Water and the human body
The body of a person consists of approximately 70% water, depending on the life stage and age. In addition, there is also a difference in the amount of water between women and men. Every body cell, each platelet contains water. Except for oxygen, water is the most important substance for human health.
Water forms the basis of all biological processes in the human body. It is therefore not surprising that drinking enough water is important to stay healthy. The various processes that take place in the body need a certain amount of water to be able to work optimally.
The amount of water that a person drinks daily is determined by “habit” and not by “thirst”. The feeling of being thirsty indicates the lack of drinking water and so that a deficient amount of water was absorbed by the body. A minimum of 1.5l to 2l of water per day is optimal to keep functioning properly. In nature this means as much as: “Water is life”. Without this chemical connection between two hydrogen atoms and one oxygen atom, there is no chance of survival.
Coffee, tea or certain soft drinks are often seen as a substitute for water during their upbringing, or to keep the moisture balance up to standard. Nothing is less true. Our body even dries out of coffee, tea or soft drinks. Fortunately, only on a small scale. In addition to dehydration, the amount of sugars in these drinks is harmful to health, at least in abundant use.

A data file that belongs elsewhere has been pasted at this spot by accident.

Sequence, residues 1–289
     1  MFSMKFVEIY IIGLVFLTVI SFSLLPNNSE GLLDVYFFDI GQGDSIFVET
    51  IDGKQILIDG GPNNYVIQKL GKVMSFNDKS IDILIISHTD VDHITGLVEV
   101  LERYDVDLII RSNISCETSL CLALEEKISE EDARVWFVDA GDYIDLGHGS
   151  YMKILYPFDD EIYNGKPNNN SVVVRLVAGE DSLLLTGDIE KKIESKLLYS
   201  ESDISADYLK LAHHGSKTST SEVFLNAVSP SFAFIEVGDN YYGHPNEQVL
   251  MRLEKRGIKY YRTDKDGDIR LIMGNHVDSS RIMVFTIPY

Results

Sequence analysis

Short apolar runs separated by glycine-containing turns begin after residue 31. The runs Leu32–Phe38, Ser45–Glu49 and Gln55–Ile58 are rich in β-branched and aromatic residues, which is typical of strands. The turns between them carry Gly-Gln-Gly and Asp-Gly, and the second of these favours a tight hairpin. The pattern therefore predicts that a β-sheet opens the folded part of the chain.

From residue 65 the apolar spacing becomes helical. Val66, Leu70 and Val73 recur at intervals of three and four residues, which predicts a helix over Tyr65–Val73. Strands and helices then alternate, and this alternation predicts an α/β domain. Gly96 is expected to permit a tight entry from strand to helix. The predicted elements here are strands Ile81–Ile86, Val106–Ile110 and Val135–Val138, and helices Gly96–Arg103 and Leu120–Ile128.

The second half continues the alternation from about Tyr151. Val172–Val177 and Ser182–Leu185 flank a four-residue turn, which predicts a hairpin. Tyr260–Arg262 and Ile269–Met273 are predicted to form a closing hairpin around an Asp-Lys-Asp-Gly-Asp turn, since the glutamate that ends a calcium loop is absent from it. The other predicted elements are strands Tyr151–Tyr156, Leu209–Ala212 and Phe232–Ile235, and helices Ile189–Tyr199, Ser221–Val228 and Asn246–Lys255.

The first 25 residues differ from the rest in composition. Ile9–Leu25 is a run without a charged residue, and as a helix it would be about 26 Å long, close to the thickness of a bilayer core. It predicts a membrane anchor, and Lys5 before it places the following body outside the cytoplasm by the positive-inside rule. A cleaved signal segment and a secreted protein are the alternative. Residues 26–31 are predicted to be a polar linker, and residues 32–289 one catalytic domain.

People often forget that the body also needs water at night. During the day we drink non-stop water or we receive other sources of moisture, such as when eating fruits and vegetables. At night we sleep an average of eight hours. After getting up, we may or may not take time for breakfast. As a result, our bodies often endure mild dehydration symptoms for up to ten hours. It is therefore extremely important to keep the water level of the body at a good level while sleeping. Just before going to bed and drinking a glass of water when you get up, does wonders.
When the body does not absorb enough water or large amounts of fluid leave the body in a short time, there’s a risk of drying out. That is why on a hot day in the summer it is important to drink enough water.
If the body has a disease to deal with, the chance of dehydration is all the greater. Water ensures the heat regulation in our body. For people it is vital that body temperature stays at a standard level. That is why one has to drink a lot of water, for example, in case of a fever. Water absorbs heat and quickly reduces it by sweating.
Water is crucial for our body to recover. The most important aspect of the “resilience” is filtering the blood. This is the primary task of our kidneys. This purification procedure can only work if enough water flows through our body to be able to dispose of waste. If the kidneys are not working properly, certain of those waste products are stored in the liver. The liver provides for the conversion of stored nutrients such as fats into usable energy. If the liver can not convert the right substances and therefore does not work properly, those fats remain stored. This is the biggest cause of fatigue and the phenomenon of feeling “lifeless”.
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